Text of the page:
Vehicle manufacturers and fuel coalition call for consistency in defining alternative fuels that will drive the energy transition.
The EU’s long-term energy transition goals depend not just on developing new technologies but also on alternative-fuel solutions that already reduce harmful emissions. As the EU reframes important environment and energy legislation under the European Green Deal, it should not abandon clean, proven and cost-effective solutions such as sustainable renewable fuels and LPG.
That’s the message from a broad coalition of vehicle manufacturers and alternative-fuel producers and suppliers who, in a new joint declaration, call on the European Commission to take a technology-neutral approach in its upcoming review of the Alternative Fuels Infrastructure Directive. The coalition includes ACEA (the European Automobile Manufacturers’ Association), Liquid Gas Europe, ePURE (the European renewable ethanol association), EBB (the European Biodiesel Board) and UPEI (representing European independent fuel suppliers).
“It is imperative that all alternative fuels play a role in the energy transition,” the coalition says. “While it is important to set long-term objectives, Europe should not dismiss solutions that are already available, cost-effective, commercially viable and that positively contribute to the energy transition.”
The group urges the Commission to maintain its current definition of alternative fuels in the upcoming review of the Alternative Fuels Infrastructure Directive, guaranteeing consistent policymaking and a stable investment environment. The Directive is intended to build the market for alternative fuels, such as Autogas (LPG as transport fuel) and sustainable renewable fuels (such as ethanol, biodiesel and biogas), which have already reached a certain degree of maturity, and to jump-start a market for newcomers, such as electromobility and hydrogen.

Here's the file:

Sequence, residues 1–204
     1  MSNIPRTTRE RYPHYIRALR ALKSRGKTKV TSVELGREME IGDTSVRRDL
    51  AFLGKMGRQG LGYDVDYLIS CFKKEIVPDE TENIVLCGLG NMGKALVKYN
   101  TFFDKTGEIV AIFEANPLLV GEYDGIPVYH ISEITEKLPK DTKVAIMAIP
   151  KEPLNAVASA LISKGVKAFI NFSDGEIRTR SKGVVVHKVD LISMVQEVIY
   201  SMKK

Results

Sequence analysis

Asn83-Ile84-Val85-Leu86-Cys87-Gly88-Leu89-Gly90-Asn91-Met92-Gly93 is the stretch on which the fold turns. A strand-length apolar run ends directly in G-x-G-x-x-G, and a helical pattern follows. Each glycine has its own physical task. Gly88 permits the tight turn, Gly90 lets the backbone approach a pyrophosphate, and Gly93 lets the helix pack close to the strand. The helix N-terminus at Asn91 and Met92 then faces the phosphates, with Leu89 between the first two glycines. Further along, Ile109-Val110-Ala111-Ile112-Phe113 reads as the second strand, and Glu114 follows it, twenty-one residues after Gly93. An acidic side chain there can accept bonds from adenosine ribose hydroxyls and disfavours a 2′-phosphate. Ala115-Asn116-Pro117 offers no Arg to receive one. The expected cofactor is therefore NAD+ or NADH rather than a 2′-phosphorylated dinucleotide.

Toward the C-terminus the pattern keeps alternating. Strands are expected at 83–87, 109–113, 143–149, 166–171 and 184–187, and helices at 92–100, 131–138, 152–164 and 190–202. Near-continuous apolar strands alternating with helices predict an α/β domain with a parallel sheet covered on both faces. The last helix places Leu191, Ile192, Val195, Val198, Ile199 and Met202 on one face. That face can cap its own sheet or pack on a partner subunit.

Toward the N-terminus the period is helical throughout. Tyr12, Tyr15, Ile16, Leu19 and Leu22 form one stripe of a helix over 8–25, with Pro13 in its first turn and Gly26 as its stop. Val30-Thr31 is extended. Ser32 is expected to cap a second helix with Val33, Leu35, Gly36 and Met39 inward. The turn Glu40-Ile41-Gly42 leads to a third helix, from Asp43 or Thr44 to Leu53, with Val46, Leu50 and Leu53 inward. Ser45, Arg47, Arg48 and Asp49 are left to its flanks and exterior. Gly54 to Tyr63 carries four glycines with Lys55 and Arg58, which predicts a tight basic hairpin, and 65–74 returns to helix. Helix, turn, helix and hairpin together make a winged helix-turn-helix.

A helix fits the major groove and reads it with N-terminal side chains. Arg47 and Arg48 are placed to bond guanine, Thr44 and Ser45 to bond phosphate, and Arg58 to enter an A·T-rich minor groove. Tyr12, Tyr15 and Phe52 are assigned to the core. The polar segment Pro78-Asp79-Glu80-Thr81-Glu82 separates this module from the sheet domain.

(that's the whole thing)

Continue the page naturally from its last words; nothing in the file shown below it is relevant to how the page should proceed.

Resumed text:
Currently, alternative-fueled vehicles represent a small but growing percentage of the EU fleet. Meanwhile road transport GHG emissions continue to rise, and many countries are in breach of air quality standards. That means the EU will need to do a better job of mobilizing solutions that work today in addition to supporting the market development for new technologies and related infrastructure.
Given the urgency of the climate and air quality crisis, the EU needs to take a practical approach. This includes promoting cleaner-burning fuels that are already commercially viable and competitively priced, that deliver immediate benefits, and that do not require drastic and costly changes to infrastructure or powertrain technologies.